Sunday, August 31, 2008

Interview: Neil Patrick Harris

Bill Keith writes:
Like his path or not, Neil Patrick Harris has charted it very carefully from child star to Broadway heavy hitter to sitcom scene-stealer. His stirring turns on Broadway in Assassins, Proof, and Cabaret proved that he had the chops to stick around in this business. With three seasons and an Emmy nomination under his belt -- plus a new gig as the face of Old Spice -- Harris has found his work as Barney Stinson on CBS’s How I Met Your Mother is taking him down a somewhat unexpected path -- that of a Hollywood leading man.

OUT: Did you do anything to hide your sexuality from the network or the executives on How I Met Your Mother?

Neil Patrick Harris: I didn’t release a statement to them, but at the first How I Met Your Mother barbecue I brought David. I feel like it’s important to be proud of who you are, so I didn’t feel like, “I should bring my friend Stephanie to this barbecue, or I’ll lose my job.” Thankfully, I live in a time where I don’t have to worry about that.

OUT: Fair enough, but do you think the network would have been behind your hiring if you had been openly gay at the time?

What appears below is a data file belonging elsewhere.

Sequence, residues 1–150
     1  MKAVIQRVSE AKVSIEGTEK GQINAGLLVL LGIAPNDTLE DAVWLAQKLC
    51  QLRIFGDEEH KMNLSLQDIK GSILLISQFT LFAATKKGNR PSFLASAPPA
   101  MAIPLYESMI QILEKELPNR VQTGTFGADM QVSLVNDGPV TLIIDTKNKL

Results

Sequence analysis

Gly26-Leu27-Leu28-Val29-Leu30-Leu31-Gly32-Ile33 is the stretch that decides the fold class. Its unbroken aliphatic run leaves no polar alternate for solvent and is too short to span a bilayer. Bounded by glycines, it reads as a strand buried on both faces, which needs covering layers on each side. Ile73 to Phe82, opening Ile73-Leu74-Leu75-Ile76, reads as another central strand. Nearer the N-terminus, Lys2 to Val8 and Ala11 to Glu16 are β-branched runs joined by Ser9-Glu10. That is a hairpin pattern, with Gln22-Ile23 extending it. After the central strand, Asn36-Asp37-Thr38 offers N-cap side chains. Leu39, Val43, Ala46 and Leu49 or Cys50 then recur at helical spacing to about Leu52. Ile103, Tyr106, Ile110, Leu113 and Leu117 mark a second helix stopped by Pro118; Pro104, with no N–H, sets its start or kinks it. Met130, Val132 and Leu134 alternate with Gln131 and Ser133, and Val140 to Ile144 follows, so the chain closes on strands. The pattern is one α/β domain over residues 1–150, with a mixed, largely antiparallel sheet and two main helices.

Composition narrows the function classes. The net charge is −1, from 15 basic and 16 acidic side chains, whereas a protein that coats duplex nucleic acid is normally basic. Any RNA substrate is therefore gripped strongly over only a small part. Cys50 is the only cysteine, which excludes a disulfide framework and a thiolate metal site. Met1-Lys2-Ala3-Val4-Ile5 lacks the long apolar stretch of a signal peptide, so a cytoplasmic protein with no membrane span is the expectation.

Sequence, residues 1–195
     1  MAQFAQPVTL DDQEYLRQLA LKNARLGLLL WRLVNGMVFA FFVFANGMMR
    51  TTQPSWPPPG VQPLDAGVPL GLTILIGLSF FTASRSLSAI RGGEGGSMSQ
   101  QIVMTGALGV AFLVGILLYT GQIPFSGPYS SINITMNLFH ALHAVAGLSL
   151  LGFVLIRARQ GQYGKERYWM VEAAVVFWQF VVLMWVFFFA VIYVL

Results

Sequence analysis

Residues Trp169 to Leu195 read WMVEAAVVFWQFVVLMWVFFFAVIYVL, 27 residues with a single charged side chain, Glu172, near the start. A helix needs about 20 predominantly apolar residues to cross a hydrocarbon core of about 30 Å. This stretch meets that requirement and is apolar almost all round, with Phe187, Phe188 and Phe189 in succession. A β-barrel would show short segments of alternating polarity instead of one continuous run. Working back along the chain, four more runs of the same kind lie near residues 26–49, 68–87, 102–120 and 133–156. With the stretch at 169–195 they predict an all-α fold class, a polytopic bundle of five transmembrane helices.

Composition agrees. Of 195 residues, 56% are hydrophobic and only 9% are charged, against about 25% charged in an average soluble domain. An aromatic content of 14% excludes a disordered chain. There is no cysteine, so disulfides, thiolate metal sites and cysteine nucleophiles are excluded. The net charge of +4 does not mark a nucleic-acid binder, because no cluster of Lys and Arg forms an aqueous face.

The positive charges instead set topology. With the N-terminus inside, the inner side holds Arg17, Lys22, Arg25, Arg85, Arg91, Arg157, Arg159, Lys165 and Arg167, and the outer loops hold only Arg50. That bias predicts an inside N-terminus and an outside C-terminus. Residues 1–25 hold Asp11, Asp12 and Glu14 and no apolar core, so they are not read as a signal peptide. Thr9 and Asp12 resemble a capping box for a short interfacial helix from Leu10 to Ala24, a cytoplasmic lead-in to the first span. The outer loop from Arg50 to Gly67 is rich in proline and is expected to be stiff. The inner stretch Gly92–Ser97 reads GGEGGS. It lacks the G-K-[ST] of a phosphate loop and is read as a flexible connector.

Neil Patrick Harris: Well, I think if I was an outspoken activist, they probably would have had some concerns that people wouldn’t have believed me in the role completely. I think the majority of people just want to see how talented you can be. And if I’m going to play a leading male heterosexual in a role, I’d better act like that for that picture and the audition and represent well, and I would hope that would still get me the job.

OUT: On the flip side, you were playing gay roles long before you came out.

Neil Patrick Harris: Yeah. That was tricky for me.

OUT: Was that a game you were playing? You seemed to be pursuing those roles -- the gay friend in The Next Best Thing, the emcee in Cabaret, an "ex-gay" on Will & Grace --

Neil Patrick Harris: No game. I thought it was clever. But internally. I figured if I kept working, it was an inevitability that someone would make that a story. I didn’t know how it would happen. So I thought when I got the job for The Next Best Thing -- the Madonna movie with Rupert Everett -- I thought, That’s kind of clever. I got to be on Will & Grace where I was an "ex-gay" with Sean Hayes, and I thought that was kind of clever too. When you look back you see there are some steps that I took.

Read full interview here.

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